“Many college kids can hardly write a proper English sentence, never mind a proper essay.” Bruce Price
“Recent studies show that English teachers know little about the language they’re supposed to teach.” Ibid
“I am about a decade into my teaching career, but even within this fairly short span, I have noticed a startling decline in the quality of written work turned in by my students, regardless of which institution (community college, private four-year school) the papers are coming from.” Ibid
Bruce Deitrick Price, American Thinker, September 18, 2017
Many college kids can hardly write a proper English sentence, never mind a proper essay. Meanwhile, the essay-writing industry is huge, churning out tens of thousands of illegal documents. Naturally, all participants in the scam pretend there’s no scam, and so the scam can go on.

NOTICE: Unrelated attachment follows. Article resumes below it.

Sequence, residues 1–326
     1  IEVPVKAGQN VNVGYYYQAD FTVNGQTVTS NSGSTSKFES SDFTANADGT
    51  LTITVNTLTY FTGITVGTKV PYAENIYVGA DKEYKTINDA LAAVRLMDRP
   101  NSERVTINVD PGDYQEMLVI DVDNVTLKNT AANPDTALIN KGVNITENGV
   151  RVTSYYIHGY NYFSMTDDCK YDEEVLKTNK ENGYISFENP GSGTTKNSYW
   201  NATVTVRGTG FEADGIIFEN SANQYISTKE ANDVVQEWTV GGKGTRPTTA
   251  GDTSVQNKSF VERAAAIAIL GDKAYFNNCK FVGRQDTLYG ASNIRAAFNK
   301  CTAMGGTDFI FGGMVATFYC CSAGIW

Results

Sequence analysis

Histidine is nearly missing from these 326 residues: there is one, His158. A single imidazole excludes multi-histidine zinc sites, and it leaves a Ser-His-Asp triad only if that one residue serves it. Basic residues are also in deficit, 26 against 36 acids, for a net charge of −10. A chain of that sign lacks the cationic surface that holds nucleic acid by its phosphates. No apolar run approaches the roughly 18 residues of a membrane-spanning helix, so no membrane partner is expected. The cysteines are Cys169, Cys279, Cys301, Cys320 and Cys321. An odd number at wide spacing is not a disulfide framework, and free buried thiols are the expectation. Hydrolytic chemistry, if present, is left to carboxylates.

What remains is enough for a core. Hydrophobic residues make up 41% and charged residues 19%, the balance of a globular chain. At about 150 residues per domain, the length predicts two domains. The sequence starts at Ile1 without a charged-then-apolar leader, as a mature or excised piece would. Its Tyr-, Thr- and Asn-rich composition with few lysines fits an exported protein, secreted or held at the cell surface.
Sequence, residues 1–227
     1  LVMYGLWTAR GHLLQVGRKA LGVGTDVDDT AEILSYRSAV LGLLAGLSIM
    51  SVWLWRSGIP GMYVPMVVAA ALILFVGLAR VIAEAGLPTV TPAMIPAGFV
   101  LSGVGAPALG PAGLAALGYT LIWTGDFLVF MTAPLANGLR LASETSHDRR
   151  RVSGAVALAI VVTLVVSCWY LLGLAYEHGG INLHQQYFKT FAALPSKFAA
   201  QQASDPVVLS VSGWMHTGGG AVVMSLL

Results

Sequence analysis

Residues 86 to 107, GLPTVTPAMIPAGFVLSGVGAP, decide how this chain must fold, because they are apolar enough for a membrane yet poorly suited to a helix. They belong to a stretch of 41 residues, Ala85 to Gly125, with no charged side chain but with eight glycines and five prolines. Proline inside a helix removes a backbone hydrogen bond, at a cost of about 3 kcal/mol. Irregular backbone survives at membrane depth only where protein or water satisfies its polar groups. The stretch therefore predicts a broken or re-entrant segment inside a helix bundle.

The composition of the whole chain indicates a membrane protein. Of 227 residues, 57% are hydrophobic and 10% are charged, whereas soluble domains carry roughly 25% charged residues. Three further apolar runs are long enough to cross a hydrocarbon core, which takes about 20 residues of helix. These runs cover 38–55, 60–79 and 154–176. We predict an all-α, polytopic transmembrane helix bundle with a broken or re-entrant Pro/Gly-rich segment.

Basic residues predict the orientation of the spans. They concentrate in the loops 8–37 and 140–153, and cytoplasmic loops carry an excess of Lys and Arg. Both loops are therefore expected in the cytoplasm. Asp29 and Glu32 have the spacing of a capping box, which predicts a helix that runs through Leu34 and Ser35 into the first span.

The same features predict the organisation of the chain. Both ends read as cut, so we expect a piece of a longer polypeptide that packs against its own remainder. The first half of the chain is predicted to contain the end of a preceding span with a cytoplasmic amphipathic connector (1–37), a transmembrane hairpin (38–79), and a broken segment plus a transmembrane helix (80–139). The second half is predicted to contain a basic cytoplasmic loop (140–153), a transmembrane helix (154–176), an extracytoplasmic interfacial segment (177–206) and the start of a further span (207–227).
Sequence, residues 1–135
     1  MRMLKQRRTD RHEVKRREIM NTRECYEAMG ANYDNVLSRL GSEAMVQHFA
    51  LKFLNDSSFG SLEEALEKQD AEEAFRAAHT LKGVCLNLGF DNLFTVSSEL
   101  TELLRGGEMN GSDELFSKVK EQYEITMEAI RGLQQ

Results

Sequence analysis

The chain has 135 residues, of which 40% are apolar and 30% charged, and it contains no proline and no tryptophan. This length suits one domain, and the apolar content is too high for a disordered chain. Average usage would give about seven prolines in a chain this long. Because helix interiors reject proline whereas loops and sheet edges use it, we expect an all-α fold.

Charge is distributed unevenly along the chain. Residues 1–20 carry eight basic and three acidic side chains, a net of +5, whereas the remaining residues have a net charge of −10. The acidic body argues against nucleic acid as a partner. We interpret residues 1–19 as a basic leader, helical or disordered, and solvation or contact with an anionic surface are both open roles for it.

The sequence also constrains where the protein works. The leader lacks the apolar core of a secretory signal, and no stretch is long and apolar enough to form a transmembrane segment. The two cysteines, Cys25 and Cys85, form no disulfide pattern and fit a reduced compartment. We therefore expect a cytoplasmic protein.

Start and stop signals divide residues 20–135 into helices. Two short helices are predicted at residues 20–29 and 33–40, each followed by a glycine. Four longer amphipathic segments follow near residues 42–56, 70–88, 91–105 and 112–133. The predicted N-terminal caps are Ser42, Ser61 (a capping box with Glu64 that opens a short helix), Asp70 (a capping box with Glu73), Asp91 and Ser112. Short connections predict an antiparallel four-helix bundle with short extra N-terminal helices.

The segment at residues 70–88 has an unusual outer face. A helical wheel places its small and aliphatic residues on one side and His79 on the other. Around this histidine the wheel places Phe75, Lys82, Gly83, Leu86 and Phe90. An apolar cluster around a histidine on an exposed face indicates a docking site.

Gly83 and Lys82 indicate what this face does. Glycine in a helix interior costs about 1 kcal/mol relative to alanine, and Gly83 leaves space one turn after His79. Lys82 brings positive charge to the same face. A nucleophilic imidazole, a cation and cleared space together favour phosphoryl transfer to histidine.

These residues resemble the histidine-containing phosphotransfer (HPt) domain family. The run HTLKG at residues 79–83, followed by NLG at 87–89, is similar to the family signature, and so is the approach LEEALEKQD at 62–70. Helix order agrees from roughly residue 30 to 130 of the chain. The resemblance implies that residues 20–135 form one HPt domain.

Here’s a recent, terrifying report from an editor:
My organization decided a few weeks back that we needed to hire a new professional staff person. We had close to 500 applicants. Inasmuch as the task was to help us communicate information related to the work we do, we gave each of the candidates one of the reports we published last year and asked them to produce a one-page summary. All were college graduates. Only one could produce a satisfactory summary. That person got the job.
Here is a good indication of how bad things already were 40 years ago. One investigator concluded:
If you think America’s English teachers have gone “back to basics” and are solving the literacy problem everyone began shouting about in the 1970s, think again. Recent studies show that English teachers know little about the language they’re supposed to teach. They get poor training in writing at college and, as a group, are bad writers.